ABSTRACT. Should critical thinking or moral perfection be the ultimate end of (cosmopolitan) education? Harvey Siegel (1988: 137) argues that the former should be the ultimate end. His reason is that any other aim requires critical thinking to be achieved and that it therefore “must preside over and authorize the force of its rivals” (ibid., 1988: 137). Moreover, Siegel believes that reason has to be cultivated or, in his term, educated, so that those concerned develop the skills necessary for a critical thinker, skills that enable a person to assess reasons and arguments. Further, those who want to be critical thinkers “must have … certain attitudes, dispositions, habits of mind, and character traits, which together may be labelled the ‘critical attitude’ or ‘critical spirit’” (ibid., 1988: 39). Siegel’s reason for this is that people may have the skills but not be appropriately moved to practise them. Therefore, a critical thinker must have the “critical spirit” (Siegel, 1988: 39; Siegel, 1997: 3) which motivates him or her to use critical skills whenever needed. However, I argue that the ultimate end of education, in particular cosmopolitan education, cannot be critical thinking but moral perfection, and we cultivate ourselves and in particular our moral predisposition to use our reason when we are enabled, and freely choose, to have our will determined by the principles of practical reason through the use of examples, and pursue the objects of morality, namely our freedom and the highest good in practice. pp. 21–37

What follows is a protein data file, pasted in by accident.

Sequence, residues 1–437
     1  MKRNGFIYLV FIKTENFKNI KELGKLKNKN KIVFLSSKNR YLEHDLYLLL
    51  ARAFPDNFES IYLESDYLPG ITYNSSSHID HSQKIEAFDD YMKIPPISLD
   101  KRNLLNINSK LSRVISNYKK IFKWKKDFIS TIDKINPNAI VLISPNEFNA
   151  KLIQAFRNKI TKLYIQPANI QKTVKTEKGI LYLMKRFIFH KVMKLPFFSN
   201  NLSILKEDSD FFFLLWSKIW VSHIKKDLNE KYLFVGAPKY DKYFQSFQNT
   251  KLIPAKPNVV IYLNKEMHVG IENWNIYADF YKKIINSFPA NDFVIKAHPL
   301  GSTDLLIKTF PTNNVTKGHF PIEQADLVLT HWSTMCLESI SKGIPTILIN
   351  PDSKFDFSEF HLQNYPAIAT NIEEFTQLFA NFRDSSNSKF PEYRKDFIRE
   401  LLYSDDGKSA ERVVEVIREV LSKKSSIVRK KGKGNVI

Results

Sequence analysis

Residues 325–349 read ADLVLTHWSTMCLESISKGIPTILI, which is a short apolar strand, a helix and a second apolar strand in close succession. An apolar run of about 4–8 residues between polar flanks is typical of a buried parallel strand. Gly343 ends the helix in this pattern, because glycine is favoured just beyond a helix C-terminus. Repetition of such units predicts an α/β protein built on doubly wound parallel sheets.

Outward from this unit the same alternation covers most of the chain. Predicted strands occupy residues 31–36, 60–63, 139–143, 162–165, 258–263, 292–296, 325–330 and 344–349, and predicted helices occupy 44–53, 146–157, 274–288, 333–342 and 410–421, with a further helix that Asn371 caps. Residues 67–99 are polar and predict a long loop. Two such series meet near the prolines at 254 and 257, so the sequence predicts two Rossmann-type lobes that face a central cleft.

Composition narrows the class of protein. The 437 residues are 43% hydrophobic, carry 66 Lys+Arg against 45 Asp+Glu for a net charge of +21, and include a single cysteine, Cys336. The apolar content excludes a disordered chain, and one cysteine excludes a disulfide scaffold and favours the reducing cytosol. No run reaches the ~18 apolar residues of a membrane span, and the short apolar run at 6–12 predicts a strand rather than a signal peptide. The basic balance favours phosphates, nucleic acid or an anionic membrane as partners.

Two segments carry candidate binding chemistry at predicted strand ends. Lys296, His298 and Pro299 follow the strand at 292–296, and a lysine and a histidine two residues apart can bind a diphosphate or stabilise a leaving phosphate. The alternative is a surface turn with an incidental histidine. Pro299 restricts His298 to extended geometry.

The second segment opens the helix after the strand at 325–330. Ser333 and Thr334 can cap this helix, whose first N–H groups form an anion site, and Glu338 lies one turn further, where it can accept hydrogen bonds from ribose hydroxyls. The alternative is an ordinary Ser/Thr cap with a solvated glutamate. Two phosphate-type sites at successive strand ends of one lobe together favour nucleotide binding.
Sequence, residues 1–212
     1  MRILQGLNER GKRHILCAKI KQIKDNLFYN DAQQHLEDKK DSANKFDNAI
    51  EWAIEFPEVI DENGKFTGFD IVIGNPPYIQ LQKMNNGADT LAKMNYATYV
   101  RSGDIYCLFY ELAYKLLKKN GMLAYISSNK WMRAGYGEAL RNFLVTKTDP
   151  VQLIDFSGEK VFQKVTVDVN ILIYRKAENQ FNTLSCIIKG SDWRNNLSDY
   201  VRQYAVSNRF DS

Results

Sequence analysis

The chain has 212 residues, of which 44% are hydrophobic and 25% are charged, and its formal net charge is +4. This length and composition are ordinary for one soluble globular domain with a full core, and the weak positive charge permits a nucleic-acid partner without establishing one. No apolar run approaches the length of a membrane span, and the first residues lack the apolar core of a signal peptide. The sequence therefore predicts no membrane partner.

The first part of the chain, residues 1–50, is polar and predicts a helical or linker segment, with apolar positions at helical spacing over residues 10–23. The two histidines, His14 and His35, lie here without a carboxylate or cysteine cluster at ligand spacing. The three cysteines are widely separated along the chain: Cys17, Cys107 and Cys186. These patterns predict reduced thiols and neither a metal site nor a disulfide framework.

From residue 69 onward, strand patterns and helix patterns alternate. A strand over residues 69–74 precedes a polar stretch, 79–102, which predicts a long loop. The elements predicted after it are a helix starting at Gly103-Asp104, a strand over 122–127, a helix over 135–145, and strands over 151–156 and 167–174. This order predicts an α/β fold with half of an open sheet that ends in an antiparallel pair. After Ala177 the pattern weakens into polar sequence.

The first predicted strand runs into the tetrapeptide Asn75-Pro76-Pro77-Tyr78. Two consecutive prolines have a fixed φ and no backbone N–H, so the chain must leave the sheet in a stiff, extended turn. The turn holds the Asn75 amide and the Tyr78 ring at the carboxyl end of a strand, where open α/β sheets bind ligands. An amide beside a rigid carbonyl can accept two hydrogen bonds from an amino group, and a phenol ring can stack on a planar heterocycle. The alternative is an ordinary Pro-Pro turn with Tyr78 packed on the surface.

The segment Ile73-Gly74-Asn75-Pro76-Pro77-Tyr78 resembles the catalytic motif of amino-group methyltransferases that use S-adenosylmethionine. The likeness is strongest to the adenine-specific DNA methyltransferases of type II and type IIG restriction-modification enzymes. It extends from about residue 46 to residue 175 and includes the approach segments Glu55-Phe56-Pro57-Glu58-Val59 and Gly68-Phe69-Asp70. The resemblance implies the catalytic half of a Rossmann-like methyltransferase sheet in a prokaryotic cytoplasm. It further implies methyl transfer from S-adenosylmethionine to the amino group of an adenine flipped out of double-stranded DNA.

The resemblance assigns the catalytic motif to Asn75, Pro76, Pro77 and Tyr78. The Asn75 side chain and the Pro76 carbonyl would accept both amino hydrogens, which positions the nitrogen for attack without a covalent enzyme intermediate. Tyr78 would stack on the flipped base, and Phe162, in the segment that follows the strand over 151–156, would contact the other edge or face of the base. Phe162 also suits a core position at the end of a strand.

Keywords: critical thinking; cosmopolitan education; moral perfection


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